Collaborations can be hit or miss. Take the oft forgotten DMX and Marilyn Manson duet, ‘The Omen’. Or the mess that was Guess Originals x A$AP Rocky. Two handsome parents don’t guarantee a cute child.
But in 2016, watches (and Lily Rose Depp) prove that sometimes the whole can be greater than the sum of its parts. And not just because there’s less room to muck up. For watch brands, there are more opportunities available than music or fashion. Better yet, they actually make sense. Take cars for example; both watches and auto manufacturers position themselves as arbiters of craftsmanship, with hook-ups between the two serving to bolster that image.
Then there are budgets. Thanks to their high-value product, watch brands often wield seemingly endless pots of cash – and big profits unlock big names, like Kobe Bryant for Hublot or Cara Delevingne for TAG Heuer.
However, that’s not to say every watch collaboration is a must-buy. To sort the non-starters from the genuine must-haves, we take a look at some of 2016’s best team efforts.
Baume & Mercier Capeland Shelby Cobra
Race cars and wristwear have enjoyed quite the road trip. TAG Heuer named a watch after Steve McQueen, Zenith sponsored the Dix Mille Tours and Maserati even offers its own line of timepieces. But few are as podium-worthy as the Capeland Shelby Cobra.
Named after racer Carroll Hall Shelby, the design is more a vintage nod than a showroom Lamborghini, its chronograph windows and surprisingly cohesive colour palette (who knew green, black and yellow would work so well?) balancing collector’s novelty with a sports watch’s off-duty ease of wear.
Available at Goldsmiths, priced £3,500.
TAG Heuer Formula 1 The Watch Gallery Special Edition
Online retailer The Watch Gallery has a long history of brand collabs. But few are as accessibly priced as their latest hook-up with TAG Heuer. Limited to 200 pieces, this limited edition is a rejig of the classic Formula 1 model and eschews brash branding for subtle shades of the retailer’s signature blue instead.
That said, £1,250 isn’t exactly pocket change. Which is why design teams on both sides pushed versatility. The TAG Heuer Formula 1 fills the space between office, sports and off-duty with a piece that can flit easily between the three – a rare example of a Swiss timepiece that delivers on the cost-per-wear front.
Available at The Watch Gallery, priced £1,250.
Timex x Red Wing Waterbury Chronograph Watch
If Timex is the cool kid of watch brands, consider its Red Wing collab the media agency-working, soy latte-sipping, check-shirted elder brother.
The leather strap comes from the same cut as Red Wing’s signature boots, while the Waterbury dial taps that Americana aesthetic. Plus, with an in-built Indiglo Night-Light, you can admire your New England trophy even at bedtime. Sweet dreams.
Available at End Clothing, priced £99.
Hublot Classic Fusion Limited-Edition Berluti
For all its innovation, Hublot has never been a dress watch brand. The old guard don’t take kindly to peacocking, after all. Which is why, in an attempt to bridge the gap, the Swiss manufacture partnered with Berluti to produce two limited-edition models.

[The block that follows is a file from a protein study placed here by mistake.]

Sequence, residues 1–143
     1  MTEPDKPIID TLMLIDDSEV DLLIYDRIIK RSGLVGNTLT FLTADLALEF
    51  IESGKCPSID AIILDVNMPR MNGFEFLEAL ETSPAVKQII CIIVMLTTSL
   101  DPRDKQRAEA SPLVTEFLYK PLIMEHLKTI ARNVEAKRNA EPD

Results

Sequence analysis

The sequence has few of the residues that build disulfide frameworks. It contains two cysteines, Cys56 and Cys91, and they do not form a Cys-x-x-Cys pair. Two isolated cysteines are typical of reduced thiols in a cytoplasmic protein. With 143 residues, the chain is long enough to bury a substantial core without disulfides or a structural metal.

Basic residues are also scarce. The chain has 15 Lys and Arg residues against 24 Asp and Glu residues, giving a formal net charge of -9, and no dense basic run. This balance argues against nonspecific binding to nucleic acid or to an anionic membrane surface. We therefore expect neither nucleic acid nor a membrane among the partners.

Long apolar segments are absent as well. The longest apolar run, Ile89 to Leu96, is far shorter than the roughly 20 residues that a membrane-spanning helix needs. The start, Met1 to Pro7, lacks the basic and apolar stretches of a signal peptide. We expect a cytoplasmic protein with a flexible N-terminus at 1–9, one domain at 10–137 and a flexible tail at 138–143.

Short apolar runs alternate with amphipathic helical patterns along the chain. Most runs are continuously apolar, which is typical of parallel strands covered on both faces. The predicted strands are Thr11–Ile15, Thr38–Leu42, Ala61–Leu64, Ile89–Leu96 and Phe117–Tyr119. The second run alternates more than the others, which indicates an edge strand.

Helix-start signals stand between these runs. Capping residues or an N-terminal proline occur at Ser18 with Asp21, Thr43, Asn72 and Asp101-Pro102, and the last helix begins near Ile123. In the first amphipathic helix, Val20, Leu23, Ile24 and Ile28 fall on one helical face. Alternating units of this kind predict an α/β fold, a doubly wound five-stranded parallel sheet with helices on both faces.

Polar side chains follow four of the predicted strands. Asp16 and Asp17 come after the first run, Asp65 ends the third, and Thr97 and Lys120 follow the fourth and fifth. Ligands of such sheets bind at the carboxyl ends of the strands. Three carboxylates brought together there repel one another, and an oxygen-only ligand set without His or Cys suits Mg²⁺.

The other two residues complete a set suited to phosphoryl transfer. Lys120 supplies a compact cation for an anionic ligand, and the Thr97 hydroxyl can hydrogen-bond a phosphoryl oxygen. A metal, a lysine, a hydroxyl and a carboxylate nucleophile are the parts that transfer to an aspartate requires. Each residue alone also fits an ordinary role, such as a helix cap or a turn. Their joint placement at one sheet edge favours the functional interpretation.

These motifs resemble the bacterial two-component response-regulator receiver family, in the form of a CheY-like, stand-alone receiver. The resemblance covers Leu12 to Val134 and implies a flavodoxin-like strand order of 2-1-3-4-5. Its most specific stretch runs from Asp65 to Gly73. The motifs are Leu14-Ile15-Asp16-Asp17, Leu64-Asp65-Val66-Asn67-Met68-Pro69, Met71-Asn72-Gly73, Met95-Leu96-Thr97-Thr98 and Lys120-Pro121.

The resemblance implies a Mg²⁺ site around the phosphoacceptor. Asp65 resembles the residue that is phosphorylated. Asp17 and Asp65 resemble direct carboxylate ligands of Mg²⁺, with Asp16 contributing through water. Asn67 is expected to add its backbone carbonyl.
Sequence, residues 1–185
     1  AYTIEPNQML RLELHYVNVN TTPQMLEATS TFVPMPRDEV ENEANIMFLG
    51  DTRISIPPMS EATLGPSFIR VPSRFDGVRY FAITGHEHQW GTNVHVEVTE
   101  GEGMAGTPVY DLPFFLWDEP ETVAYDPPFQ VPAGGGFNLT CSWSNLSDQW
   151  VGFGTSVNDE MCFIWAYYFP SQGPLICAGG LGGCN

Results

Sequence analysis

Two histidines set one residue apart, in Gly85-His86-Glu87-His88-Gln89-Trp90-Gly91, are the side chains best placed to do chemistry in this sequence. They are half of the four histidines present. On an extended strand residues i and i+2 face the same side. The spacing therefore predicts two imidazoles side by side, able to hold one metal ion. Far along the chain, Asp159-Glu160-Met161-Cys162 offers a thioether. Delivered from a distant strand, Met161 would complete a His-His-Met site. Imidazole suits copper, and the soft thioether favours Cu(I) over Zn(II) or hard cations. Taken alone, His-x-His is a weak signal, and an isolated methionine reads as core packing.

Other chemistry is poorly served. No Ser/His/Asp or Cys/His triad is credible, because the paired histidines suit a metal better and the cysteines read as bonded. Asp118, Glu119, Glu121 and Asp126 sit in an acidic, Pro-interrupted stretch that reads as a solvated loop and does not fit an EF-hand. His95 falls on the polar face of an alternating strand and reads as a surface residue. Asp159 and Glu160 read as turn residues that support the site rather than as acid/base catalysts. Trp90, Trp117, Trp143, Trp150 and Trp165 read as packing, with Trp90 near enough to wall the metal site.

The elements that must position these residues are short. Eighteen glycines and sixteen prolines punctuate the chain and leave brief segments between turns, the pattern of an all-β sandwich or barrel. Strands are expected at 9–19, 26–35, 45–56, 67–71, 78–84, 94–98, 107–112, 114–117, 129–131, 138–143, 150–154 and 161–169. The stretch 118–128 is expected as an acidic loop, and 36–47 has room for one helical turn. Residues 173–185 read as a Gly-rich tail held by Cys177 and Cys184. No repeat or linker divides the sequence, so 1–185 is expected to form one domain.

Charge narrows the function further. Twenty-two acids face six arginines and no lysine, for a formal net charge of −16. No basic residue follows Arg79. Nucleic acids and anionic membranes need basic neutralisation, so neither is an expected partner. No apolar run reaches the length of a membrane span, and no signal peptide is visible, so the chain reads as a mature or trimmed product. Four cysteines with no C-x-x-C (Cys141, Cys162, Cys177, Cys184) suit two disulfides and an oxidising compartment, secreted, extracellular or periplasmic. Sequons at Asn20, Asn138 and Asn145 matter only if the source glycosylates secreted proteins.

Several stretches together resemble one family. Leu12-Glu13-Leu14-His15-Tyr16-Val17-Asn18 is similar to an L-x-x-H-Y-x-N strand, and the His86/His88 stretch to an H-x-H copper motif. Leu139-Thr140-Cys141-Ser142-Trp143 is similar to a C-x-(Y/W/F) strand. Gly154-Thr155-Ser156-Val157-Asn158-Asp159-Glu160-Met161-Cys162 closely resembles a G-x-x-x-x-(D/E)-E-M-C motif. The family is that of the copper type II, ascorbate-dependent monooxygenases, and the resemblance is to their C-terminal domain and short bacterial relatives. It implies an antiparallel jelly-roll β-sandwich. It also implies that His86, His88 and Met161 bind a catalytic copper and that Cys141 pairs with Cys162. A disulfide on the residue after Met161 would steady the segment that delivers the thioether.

If bridge-building entails distressed leather dials and a split-sewn strap, that is. Here, the automatic Classic Fusion (Hublot’s signature piece) has undergone a tailored facelift. And while the design straddles flamboyance, a muted colourway tightens the reins. Still not one for the top table, though.
Available at The Watch Gallery, priced £12,100.
Apple Watch Hermès
The Apple smartwatch made luxury wrist tech a thing (not to mention the centuries-old fine watch industry wake up). While there was (and still is) merit in haute horlogerie, the smart watch is recognised as a thing of beauty to many consumers. And judging by the Hermès collaboration, it’s easy to see why.
The dial itself has seen few changes bar the addition of Hermès branding. The real draw lies in the strap. Inspired by the label’s equestrian history, a double tour leather buckle comes in five shades outside the usual black or brown two-horse race. Plus, it’s not every bit of your designer clobber that can track a morning jog.
Available at Apple, priced £1,299.
IWC x British Film Institute Pilot Spitfire Chronograph Edition
There are plenty of seminal menswear moments onscreen. Watches, not so much. Unless you count the James Bond blink-or-miss-it carousel of Omega, Seiko and Hamilton.
But sourcing inspiration from celluloid needn’t mean defaulting to 007. Instead, IWC looks to the archives – quite literally. A partnership with the British Film Institute has birthed a cobalt Pilot model, limited to just 60 pieces worldwide. Featuring an engraved caseback and in-house 89365-calibre movement, it’s sharper than any MI6 gadget.
Available at Goldsmiths, priced £7,950.
Mondaine SBB Gottardo 2016 Stop2Go
The opening ceremony of a tunnel is hardly Rio 2016, but Mondaine has long celebrated the Swiss railway network. True to form, the Gottardo series commemorates the launch of the Gotthard Base Tunnel in Switzerland – one of the longest of its kind in the world.
Now, metal girders and poured concrete on a watch may sound duller than a Eurostar packet sandwich, but Mondaine makes it work – largely thanks to an earth tone bezel and an equally colourful caseback. And if the National Rail website is anything to go by, it costs far less than a last-minute train to Edinburgh.
Available at Mondaine, priced approx £617.